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Python gotcha

Don’t ever do this unless it’s really what you want:

import os

def some_func(fd):
    f = os.fdopen(fd, 'w')

fd = get_some_fd()

Here’s what goes wrong: when some_func comes to an end, f (which is a file-like objects) goes out of scope, is destructed, which causes fd to be closed. I think this is pretty weird behavior (an object closing an fd it didn’t open itself), but well.

Here’s a better version, for reference:

def some_func(fd):
    f = os.fdopen(os.dup(fd), 'w')
    #Use f here

Try this on fd 0/1/2 in an (I)Python shell ;-)

Posted in Development.

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3 Responses

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  1. Josh Stone says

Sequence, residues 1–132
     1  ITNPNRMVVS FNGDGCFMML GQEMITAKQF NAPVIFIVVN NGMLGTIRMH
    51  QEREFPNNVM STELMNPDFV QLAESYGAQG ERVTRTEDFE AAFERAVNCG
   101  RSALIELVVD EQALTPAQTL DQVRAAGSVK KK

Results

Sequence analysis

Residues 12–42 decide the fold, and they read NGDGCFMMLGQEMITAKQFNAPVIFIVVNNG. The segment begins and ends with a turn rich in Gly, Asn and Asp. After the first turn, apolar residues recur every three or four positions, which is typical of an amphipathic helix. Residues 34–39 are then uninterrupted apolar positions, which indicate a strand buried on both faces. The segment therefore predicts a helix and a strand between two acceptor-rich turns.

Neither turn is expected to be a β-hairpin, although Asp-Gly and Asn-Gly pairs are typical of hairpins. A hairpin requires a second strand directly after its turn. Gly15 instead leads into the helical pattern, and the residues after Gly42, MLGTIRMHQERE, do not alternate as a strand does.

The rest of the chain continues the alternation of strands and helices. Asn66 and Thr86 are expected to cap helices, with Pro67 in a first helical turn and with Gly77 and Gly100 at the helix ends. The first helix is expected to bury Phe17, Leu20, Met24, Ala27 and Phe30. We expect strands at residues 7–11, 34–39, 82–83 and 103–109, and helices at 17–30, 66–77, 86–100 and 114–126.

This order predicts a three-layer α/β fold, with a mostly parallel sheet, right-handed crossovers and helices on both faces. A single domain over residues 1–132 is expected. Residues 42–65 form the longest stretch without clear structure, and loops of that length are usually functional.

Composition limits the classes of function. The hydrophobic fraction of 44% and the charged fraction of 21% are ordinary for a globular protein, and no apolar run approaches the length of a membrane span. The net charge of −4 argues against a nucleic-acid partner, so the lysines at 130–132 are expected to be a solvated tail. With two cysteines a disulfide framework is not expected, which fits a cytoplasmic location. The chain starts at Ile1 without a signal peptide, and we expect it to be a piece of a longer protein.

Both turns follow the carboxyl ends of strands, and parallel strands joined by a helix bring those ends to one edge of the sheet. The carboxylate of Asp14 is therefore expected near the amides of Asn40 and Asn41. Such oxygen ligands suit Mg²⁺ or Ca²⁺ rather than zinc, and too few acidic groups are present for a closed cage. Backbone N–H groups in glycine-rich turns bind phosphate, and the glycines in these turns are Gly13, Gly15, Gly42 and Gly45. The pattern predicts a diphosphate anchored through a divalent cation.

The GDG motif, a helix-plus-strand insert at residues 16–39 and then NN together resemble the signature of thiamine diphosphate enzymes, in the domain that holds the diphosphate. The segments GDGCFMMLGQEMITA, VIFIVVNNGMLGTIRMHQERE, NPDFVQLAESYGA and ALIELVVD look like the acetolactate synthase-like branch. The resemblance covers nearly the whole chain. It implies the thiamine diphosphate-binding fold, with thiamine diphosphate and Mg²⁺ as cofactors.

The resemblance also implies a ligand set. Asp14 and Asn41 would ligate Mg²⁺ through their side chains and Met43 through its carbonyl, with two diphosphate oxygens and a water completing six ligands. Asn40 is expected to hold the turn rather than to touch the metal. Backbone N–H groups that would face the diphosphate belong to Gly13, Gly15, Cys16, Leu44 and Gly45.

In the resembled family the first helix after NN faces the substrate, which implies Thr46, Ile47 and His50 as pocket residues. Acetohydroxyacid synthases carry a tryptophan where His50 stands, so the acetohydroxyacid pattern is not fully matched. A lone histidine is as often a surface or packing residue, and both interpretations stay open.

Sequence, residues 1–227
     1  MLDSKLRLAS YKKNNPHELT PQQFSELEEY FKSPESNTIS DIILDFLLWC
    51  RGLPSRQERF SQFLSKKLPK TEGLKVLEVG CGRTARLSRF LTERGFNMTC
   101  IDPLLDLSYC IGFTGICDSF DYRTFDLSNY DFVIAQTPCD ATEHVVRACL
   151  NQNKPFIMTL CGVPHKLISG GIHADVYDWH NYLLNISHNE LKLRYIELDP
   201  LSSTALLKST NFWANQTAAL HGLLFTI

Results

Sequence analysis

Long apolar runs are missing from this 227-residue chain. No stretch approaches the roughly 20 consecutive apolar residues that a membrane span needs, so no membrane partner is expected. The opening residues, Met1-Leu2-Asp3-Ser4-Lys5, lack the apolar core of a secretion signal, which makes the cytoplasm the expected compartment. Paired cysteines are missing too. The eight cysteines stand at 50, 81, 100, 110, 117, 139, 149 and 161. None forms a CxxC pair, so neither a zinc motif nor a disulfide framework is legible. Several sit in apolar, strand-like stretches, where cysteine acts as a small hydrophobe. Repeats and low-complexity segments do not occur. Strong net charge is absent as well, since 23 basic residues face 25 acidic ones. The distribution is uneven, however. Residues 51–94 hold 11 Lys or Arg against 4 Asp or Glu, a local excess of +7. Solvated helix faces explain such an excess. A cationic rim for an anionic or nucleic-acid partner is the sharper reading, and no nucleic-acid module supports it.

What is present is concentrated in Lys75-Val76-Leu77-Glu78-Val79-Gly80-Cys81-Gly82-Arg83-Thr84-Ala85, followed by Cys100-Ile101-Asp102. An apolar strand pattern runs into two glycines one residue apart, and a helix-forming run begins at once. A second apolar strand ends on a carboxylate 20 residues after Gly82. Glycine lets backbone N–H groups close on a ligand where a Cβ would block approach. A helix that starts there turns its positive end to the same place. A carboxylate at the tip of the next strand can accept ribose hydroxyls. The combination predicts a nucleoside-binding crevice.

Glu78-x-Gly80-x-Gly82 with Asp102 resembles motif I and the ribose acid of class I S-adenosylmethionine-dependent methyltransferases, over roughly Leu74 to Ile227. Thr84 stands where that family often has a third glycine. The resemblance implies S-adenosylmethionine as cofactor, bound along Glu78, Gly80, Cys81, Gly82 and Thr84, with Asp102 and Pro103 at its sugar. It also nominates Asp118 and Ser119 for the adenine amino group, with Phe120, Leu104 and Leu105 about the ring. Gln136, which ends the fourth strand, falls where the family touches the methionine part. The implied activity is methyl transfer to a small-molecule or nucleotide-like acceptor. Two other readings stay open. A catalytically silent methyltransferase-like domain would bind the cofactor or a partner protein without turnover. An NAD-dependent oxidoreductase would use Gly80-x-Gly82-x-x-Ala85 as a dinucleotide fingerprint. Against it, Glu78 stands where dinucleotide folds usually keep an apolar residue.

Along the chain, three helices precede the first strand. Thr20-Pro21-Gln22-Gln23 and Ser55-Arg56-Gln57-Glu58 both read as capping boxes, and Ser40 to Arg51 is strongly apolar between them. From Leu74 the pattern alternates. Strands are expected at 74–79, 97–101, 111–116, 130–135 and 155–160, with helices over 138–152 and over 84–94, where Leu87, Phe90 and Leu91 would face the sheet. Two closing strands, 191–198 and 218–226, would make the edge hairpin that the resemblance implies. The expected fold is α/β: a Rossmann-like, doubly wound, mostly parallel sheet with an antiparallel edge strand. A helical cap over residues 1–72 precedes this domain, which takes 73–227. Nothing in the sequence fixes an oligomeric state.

The issue has nothing to do with Python per se — that’s the way fdopen() is defined in libc. The man-page directly says, “The file descriptor is not dup’ed, and will be closed when the stream created by fdopen() is closed.”

    But yes, I can see how this might be a surprising effect…

  2. willem says

    Josh is right. This is normal behavior. You should make it a habit to dup() the file descriptor :)

  3. Eugene says

    I am looking for some idea and stumble upon your posting :) decide to wish you Thanks. Eugene

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